You could find the indices of the "delimiter" elements. For example, the indices of None are 2 and 5 (zero-based). You could use these, along with the length of the list, to construct a list of tuples [ (0,1), (3,4), (6,8) ] representing the start indices and end indices of the sublists. Then you can use a list comprehension over this list of tuples to extract sublists.

share|improve this answer

The problem with trying to use a list comprehension for this is that the comprehension is inherently stateless, and you need state to perform the splitting operation. In particular, you need to remember, from one element to the next, what elements were found after the previous 'split' marker.

However, you could use one list comprehension to extract the indices of the split elements, and then another to use those indices to chop up the list. We need to translate the split indices into (begin, end) indices for the necessary 'pieces'. What we'll do is transform the list of split indices into two separate lists of 'begins' and 'ends', and then zip them together.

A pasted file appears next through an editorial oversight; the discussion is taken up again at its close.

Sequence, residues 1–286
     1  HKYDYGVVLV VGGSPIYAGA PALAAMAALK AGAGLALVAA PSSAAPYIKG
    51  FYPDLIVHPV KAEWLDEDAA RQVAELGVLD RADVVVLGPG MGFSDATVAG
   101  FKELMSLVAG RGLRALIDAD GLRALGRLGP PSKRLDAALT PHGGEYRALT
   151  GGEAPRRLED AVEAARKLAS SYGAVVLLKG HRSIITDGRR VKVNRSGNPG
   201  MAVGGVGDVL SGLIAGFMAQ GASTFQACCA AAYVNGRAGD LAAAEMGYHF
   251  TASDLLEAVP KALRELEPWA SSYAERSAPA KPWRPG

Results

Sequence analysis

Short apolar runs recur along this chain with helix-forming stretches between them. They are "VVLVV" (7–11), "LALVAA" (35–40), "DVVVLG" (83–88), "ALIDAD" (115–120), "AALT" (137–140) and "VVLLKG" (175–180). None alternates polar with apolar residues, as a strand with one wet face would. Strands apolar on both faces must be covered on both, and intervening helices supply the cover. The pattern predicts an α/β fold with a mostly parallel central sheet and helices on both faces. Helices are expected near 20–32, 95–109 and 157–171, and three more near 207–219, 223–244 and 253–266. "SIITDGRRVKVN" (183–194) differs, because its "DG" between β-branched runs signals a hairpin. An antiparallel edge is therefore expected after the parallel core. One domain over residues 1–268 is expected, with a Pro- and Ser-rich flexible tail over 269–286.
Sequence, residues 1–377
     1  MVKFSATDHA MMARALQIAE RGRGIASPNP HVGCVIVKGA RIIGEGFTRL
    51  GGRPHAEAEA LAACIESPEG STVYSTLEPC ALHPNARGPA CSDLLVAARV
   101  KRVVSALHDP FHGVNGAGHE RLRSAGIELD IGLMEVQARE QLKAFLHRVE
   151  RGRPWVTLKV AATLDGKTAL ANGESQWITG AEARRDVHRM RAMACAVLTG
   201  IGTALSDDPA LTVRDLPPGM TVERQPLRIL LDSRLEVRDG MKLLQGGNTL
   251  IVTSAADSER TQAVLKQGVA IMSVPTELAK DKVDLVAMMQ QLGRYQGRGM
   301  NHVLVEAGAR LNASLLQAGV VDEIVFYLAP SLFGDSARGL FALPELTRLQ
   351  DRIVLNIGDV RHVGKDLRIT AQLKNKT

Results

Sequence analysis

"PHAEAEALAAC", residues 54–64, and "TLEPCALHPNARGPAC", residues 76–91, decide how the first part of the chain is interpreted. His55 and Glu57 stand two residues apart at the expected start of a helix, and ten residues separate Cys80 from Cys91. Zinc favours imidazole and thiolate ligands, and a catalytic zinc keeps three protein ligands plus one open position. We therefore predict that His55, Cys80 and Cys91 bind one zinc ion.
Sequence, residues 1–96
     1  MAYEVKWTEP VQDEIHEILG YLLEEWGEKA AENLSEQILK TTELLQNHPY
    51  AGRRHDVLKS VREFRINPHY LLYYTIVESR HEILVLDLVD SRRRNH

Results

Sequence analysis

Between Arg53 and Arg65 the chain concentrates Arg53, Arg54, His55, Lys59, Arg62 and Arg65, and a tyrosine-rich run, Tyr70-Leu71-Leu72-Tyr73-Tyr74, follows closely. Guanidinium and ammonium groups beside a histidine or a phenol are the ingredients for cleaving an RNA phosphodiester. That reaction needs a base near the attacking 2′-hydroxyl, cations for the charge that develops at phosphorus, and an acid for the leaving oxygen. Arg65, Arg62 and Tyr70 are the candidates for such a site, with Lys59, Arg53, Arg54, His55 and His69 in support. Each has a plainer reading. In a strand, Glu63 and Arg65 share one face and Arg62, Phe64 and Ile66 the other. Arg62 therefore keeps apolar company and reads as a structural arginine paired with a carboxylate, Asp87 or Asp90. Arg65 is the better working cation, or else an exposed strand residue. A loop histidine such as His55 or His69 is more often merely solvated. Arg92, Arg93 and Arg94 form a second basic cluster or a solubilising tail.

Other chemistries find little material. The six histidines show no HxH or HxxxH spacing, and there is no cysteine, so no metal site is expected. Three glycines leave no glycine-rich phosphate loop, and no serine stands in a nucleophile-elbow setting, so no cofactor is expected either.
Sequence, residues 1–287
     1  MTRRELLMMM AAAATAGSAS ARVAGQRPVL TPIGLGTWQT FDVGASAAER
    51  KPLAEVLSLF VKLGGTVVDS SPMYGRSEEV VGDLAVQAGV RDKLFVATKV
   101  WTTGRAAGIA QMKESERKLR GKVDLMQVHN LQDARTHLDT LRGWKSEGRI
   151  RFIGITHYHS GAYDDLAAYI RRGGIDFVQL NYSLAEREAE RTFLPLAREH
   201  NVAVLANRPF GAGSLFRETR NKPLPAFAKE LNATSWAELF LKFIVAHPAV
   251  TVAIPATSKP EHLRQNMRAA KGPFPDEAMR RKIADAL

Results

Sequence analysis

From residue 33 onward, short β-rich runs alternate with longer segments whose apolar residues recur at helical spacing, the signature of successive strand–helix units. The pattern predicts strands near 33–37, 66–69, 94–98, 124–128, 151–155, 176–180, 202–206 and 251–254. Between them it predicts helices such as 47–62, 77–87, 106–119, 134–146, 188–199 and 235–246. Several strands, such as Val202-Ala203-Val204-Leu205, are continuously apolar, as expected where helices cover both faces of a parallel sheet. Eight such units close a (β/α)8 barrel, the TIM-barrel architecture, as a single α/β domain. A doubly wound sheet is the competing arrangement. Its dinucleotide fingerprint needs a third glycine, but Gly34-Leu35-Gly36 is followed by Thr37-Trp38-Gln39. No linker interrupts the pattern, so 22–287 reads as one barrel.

The whole thing looks like:

splitters = (9, None) # for example
indices = [i for (i, x) in enumerate(original) if x in splitters]
ends = indices + [len(original)]
begins = [0] + [x + 1 for x in indices]
result = [original[begin:end] for (begin, end) in zip(begins, ends)]
share|improve this answer

Here's an implementation using reduce, with a few bells and whistles:

#!/usr/bin/env python

def split_on (delims, seq, remove_empty=True):
    '''Split seq into lists using delims as a delimiting elements.

    For example, split_on(delims=2, list=xrange(0,5)) yields [ [0,1], [3,4] ].

    delims can be either a single delimiting element or a list or
    tuple of multiple delimiting elements. If you wish to use a list
    or tuple as a delimiter, you must enclose it in another list or
    tuple.

    If remove_empty is False, then consecutive delimiter elements or delimiter elements at the beginning or end of the longlist'''
    if type(delims) not in (type(list()), type(tuple())):
        delims = ( delims, )
    def reduce_fun(lists, elem):
        if elem in delims:
            if remove_empty and lists[-1] == []:
                # Avoid adding multiple empty lists
                pass
            else:
                lists.append([])
        else:
            lists[-1].append(elem)
        return lists
    result_list = reduce(reduce_fun, seq, [ [], ])
    # Maybe remove trailing empty list
    if remove_empty and result_list[-1] == []:
        result_list.pop()
    return result_list

mylist = [1, 4, None, 6, 9, None, 3, 9, 4 ]

print(split_on(None, mylist))
print(split_on((9, None), mylist))
share|improve this answer